Wednesday, 16 March 2011

Arrival of Elekit TU882R

This arrived in the mail today, via EMS in very good condition. Thanks Victor. The box was well packed and appeared to suffer no damage from transit from Japan to Canada to Australia. The box itself, was packed extremely well. You have to hand it to the Japanese, they really do know how to do their packaging. Without peeling apart the various bits of paper protection, everything appeared in very good order.

One of the nice things about getting it packaged like this, is the sense that you are really buying a branded product. Most of my other kits have arrived in an unbranded box, in lots of sealed plastic bags, all put into a shipping box. Un-boxing this, feels like you are un-boxing a camera, a laptop or something really special. I know this is a little silly, but there is something tangible and exciting about un-boxing something like this for the first time. Everything so well packed, each item has its place and order.

Haven't had time to open up and check all the components yet, but the three main things seem to be present. 240V transformer, chassis parts and output transformers. Victor was kind enough to send me the English manual just after purchase, which has allowed me to review it quickly to start building the amp in my head. It appears that everything has arrived, and is in good order and in the specifications as requested (namely 240V).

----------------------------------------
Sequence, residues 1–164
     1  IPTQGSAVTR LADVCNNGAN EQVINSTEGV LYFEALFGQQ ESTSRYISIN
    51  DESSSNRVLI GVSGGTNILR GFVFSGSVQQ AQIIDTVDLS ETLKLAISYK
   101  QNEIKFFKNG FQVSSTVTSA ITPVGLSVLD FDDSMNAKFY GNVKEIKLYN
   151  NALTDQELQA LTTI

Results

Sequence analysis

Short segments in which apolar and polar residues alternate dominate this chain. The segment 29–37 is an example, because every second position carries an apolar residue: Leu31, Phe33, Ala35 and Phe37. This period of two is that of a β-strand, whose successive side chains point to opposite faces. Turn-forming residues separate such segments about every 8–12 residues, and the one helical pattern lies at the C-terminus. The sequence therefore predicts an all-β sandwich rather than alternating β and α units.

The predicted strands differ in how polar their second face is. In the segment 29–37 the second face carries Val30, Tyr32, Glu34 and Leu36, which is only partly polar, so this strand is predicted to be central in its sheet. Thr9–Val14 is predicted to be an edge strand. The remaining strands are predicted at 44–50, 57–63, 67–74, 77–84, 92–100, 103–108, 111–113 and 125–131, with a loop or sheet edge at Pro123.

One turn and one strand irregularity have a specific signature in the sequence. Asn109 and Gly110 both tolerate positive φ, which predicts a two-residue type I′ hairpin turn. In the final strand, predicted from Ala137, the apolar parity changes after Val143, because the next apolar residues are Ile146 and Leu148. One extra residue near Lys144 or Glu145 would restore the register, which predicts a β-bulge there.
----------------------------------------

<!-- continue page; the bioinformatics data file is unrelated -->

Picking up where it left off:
I will have a few more things to say about the manual and the components later. But I have ordered a set of replacement resistors (Shinkoh Tantalum and Amtrans Carbon Film, all from Japan, seems to fit the bill of this Japanese amp) and will be using some Mundorf Zn Tin foil capacitors as the coupling capacitors. If there is sufficient space, I might place a few low value teflon or PIO capacitors as bypass for the main PSU capacitors. Apart from those, I took the risk and ordered a TKD 2CP-601S 100k stepped attenuator. No idea if this will fit, but I have so many other projects, it will find a home eventually. Apart from those three items, I do not plan to make any more changes to the components.

The main question on my mind, or of issue, is that this amp has negative feedback. It takes the output from the highest impedance tap and brings it back to the cathode of the first stage (or input stage) of the 5670. No idea how this will affect the sound. But in the past, I have avoided the use of NFB designs, but thought it'd be good to include this to see its net effect.

If I get time over the next few weeks, I will start the checking and cleaning processes. Once everything has been cleaning and thoroughly checked, I will being to assemble and hopefully, within 3 to 4 weeks, this will be fully complete. I will be definitely posting progress photos and notes as I go, and once complete, hope to give some feedback comparing this with my other two operating amps.


  1. I look forward to seeing the build when you finish it up. Any other upgrades aside from those wildly expensive resistors? :o

  2. It should be good, but just difficult to find time between work and family to get the stretch of time required to build. I also noticed that the PCB needs the through holes enlarged, as they are too small for the standard resistors. The resistors themselves were only around $50 in total, less than half the cost of the postage! Speaking of which, they also sent me the wrong value for one of them, so I will have to wait for them to resend the correct value.